The employment stats above (also the ones below the break) tell a complex tale. Work in theatrical feature animation has been large and growing. Television employment? Welll ... not so much. That side of the biz has been smaller, and shrinking, even as overall totals have been growing ...
Since January every large feature studio -- Disney, DreamWorks, and IM Digital up in San Rafael -- have added to staff. (The exceptions are Imagi, which has no changes in staff size, and Sony Pictures Animation, now going through a rough patch as it replaces executives and sheds artists lining up its ducks about SPA's next animated feature. Which looks, as of this writing, like it will be Cloudy with Meatballs.)
Now take a look at "Employment Per Studio: January 2008 -- August 2008." You'll note that most television animation facilities endured declines in staff sizes. Film Roman and Nick had the largest job reductions, and Universal the smallest, but five out of seven teevee 'toon studios shrank rather than expanded.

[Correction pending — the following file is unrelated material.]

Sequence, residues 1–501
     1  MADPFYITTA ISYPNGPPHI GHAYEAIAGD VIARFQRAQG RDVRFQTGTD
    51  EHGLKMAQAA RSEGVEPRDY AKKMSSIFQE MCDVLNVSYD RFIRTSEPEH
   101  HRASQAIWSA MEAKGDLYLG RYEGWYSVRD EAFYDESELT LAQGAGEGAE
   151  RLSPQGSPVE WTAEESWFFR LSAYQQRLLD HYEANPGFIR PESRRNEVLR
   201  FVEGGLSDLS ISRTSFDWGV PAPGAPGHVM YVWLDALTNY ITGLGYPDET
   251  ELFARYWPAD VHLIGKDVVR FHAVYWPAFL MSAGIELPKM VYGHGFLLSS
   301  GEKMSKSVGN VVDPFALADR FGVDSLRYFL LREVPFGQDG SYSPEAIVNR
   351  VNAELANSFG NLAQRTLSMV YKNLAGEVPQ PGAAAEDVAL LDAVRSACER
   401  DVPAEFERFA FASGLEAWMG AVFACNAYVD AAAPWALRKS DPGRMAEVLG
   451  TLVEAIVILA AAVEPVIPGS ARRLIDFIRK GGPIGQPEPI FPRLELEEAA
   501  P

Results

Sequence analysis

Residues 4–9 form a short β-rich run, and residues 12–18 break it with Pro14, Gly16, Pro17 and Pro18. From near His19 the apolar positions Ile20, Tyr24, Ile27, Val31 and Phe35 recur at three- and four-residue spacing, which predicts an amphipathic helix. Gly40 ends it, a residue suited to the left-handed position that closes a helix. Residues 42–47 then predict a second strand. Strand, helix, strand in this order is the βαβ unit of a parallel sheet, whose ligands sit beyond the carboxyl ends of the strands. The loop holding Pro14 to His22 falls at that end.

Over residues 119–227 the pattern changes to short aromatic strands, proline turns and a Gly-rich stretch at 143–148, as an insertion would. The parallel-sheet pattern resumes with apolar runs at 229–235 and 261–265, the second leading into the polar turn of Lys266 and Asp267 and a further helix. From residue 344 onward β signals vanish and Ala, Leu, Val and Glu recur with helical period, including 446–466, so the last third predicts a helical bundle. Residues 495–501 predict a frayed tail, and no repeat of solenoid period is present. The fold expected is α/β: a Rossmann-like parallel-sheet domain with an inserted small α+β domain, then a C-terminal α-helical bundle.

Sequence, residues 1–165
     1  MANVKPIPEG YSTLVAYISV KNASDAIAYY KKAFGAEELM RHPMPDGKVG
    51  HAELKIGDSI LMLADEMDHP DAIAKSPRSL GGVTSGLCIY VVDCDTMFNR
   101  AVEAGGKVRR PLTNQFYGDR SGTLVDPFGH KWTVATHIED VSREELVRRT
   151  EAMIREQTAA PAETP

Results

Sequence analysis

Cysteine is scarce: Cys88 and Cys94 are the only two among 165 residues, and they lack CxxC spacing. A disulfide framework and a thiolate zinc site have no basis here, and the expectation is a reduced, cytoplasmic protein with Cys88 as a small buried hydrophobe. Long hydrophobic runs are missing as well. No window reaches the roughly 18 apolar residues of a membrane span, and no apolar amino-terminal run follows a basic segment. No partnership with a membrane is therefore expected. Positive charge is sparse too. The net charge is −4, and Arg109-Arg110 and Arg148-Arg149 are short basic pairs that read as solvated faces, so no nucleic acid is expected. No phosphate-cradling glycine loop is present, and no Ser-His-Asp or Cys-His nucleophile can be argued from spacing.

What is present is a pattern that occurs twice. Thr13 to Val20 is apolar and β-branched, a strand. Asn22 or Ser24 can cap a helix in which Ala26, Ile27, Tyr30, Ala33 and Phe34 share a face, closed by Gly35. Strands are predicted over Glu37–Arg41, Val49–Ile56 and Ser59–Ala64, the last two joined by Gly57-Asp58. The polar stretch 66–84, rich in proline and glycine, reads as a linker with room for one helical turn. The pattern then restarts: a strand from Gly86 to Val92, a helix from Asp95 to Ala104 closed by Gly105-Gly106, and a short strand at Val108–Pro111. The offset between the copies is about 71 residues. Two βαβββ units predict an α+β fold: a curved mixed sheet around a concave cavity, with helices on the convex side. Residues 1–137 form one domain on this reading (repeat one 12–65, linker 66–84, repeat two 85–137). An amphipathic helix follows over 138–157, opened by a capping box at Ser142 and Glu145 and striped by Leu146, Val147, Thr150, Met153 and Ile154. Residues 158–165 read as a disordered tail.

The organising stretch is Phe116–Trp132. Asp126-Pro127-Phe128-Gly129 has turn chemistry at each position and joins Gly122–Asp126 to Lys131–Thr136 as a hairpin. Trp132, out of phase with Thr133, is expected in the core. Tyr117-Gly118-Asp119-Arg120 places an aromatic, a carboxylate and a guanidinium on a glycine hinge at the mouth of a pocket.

So artists who've complained about how slow the television wing of animation is, have some basis for their gripes. There's work out in the small-screen marketplace, but it ain't getting bigger, certainly not at the moment. I keep hearing rumors that new shows are in the pipeline, but outside of The Cleveland Show at Fox Animation, I couldn't tell you what they are. (Cartoon Network is greenlighting a number of shorts, and hopefully some of these will generate new series, but we're months away from that possibility.)
The good news is: Union employment is pretty robust, and it's been growing. The bad new is, the growth is uneven.